Wanted: young entrepreneurs; CYBF holds roundtables across nation

Canada needs more young entrepreneurs to start new businesses, provide jobs to young people, take over existing businesses from retiring owners and provide services to a growing economy, according to Julia Deans, CEO of the Canadian Youth Business Foundation (CYBF). To that end, the CYBF is holding a series of roundtable discussions around the country to increase the number of young people who view entrepreneurship as a career path, like the professions, skilled trades and management.

“Each roundtable is about half young entrepreneurs; the other half are from government, not-for-profits, academia and business. We’re trying to bring their thinking together around how to expand youth entrepreneurship across Canada,’ Dean said during a break in the half-day session at the University of Regina on Tuesday. The Regina roundtable was the eighth out of 10 to be held this year, with a national summit to be held in Toronto in May.

Youth entrepreneurship does two things, said Deans, who joined CYBF as CEO in January 2013 after having a successful law career, starting her own business in Singapore and heading up numerous non-governmental organizations. “One is helping young people find meaningful work; the other half is helping young people realize their dreams. And if they do that, they create businesses, they create jobs for other people and they create healthy government revenues to help everybody else.’ Deans said the roundtables are focusing on four topics that are critical to the success of young entrepreneurs. “The first is mindset. How do we help young people think about entrepreneurship as a viable career path? The second is skills. How do they get the financial literacy, sales and marketing and other skills to run their own businesses? The third is resources. That’s money, but it’s also things like mentorship. The fourth is markets. Once they’ve started a business, how do we help grow their business within their community, across the country or internationally?” Deans added that government, business and academe also have a stake in the success of young entrepreneurs. “There are a lot of people who want young entrepreneurs to succeed. And if we actually start thinking about what the highest priorities are and come together to make them happen, we’ll have a lot better results.”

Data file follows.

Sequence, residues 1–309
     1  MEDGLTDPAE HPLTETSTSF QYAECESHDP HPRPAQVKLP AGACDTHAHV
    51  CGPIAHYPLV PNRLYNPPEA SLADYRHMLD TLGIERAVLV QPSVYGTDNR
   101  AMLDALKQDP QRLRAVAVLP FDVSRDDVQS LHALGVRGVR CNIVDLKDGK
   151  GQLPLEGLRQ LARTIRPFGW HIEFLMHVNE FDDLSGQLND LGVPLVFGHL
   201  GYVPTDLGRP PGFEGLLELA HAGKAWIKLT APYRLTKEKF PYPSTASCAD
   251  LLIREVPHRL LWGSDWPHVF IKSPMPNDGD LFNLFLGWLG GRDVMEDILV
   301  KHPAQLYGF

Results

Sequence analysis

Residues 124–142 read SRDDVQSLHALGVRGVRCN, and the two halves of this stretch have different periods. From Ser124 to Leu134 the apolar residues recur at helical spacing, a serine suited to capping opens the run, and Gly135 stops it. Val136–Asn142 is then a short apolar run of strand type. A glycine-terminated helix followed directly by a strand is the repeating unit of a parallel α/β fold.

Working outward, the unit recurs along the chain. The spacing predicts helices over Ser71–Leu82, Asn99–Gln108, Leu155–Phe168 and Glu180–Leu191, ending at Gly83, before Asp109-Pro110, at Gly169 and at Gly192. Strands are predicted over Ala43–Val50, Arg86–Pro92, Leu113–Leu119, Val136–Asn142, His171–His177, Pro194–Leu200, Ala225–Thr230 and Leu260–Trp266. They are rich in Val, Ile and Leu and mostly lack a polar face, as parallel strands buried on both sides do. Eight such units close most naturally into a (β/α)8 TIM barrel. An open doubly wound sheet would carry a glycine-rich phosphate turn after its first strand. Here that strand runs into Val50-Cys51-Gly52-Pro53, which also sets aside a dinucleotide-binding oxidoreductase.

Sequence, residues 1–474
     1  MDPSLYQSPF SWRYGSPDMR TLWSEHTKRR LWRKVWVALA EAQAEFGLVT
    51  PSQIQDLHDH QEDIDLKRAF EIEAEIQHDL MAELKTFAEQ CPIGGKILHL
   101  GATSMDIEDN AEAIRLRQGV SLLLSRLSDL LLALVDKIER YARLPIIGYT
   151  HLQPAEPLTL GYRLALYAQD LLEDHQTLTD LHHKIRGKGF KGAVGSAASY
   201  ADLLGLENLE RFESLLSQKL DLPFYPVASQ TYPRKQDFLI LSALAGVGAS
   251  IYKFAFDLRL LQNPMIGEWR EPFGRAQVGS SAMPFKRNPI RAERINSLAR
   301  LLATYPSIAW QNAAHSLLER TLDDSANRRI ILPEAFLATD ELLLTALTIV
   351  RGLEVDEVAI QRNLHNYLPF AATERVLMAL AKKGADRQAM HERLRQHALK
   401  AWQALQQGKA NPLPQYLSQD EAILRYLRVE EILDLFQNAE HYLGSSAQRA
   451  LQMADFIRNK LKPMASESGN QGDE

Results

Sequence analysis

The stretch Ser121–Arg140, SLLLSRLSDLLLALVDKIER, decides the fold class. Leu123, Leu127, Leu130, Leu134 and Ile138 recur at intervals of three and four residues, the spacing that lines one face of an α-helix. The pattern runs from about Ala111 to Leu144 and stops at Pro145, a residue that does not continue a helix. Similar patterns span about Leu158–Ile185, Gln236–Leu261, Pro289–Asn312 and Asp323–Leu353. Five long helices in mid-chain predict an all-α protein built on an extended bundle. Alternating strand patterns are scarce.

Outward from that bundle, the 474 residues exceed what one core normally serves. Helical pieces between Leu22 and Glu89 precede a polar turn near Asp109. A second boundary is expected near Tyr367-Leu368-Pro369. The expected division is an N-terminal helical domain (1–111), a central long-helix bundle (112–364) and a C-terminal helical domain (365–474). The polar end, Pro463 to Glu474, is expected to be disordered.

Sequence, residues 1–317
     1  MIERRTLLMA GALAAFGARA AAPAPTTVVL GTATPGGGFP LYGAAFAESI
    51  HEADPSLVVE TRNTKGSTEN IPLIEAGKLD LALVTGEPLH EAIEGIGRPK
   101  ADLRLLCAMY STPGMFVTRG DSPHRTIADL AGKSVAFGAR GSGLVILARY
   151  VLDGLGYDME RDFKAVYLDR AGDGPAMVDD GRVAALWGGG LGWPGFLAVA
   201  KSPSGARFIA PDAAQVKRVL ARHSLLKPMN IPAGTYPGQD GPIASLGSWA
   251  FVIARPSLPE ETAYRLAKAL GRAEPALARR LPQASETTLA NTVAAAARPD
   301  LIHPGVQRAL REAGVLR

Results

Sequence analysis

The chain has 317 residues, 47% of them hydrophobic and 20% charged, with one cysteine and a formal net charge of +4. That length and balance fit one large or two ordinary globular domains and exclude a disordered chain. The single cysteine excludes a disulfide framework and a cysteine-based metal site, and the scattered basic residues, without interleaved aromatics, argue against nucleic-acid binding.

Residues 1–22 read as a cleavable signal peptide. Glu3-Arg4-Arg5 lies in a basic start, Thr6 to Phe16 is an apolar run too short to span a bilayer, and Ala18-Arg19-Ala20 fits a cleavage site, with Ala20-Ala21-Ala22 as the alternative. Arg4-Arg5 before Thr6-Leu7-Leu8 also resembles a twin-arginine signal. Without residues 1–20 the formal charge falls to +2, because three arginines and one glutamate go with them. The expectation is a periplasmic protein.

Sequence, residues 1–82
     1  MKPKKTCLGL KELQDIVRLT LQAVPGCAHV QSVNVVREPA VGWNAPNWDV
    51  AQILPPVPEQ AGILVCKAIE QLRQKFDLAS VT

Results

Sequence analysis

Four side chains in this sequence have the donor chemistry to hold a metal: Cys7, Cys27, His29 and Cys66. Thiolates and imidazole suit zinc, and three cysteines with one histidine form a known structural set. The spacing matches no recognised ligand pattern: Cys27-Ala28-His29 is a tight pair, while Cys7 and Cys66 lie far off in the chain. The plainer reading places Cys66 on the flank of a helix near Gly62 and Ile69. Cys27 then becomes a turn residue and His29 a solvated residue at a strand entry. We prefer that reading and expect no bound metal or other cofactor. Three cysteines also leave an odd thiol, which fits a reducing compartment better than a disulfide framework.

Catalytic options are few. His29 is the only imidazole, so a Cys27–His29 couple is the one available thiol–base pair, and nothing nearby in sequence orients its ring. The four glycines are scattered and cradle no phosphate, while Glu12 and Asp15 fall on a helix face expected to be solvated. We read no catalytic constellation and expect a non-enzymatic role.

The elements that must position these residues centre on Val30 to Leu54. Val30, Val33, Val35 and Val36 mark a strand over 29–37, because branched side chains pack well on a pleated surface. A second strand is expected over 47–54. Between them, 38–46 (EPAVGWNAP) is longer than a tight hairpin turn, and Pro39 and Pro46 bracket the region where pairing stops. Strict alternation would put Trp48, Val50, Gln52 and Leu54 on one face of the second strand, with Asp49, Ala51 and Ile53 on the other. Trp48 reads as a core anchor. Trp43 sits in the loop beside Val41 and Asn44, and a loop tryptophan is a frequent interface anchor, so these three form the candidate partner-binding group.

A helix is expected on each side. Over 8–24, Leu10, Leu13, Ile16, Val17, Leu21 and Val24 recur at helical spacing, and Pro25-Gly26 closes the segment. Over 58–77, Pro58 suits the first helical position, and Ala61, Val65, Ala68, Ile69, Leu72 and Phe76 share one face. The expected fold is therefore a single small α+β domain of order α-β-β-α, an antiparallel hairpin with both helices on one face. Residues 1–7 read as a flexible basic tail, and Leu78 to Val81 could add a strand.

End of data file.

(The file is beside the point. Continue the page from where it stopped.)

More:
Business can provide mentors, like Brennan Turner, president of FarmLead, a Saskatoon-based online grain marketing service, who took part in the Regina session.

A native of Foam Lake, Turner graduated from Athol Murray College of Notre Dame at Wilcox and Yale University, playing hockey at both institutions. A fifth-round draft pick of the Chicago Blackhawks in 2005, Turner played in European and American hockey leagues from 2007 to 2011. He also worked on Wall Street.

“I had the farmer mentality, you work hard, you get there early and you work late,’ Turner said. “The goal was to show you can work hard and be an asset to the team, just like you would on any hockey team.’ But when the government got rid of the Canadian

Wheat Board’s monopoly on wheat and barley sales in 2012, Turner saw an opportunity to come back to Saskatchewan and provide a service to farmers. “I had the idea of a more efficient way (for farmers) … to sell their grain. How do you find that market that’s going to give you the best return on your labour? How much time are you going spend to get an extra 10 or 15 cents a bushel?” That’s the idea behind Far mLead.com, North America’s first online and mobile grain marketplace. “We’re trying to bring technology to the farm. I like to call it e-farm commerce … You can actually transact deals from your tractor.” bjohnstone@leaderpost.com

The Leader-Post | Regina, Saskatchewan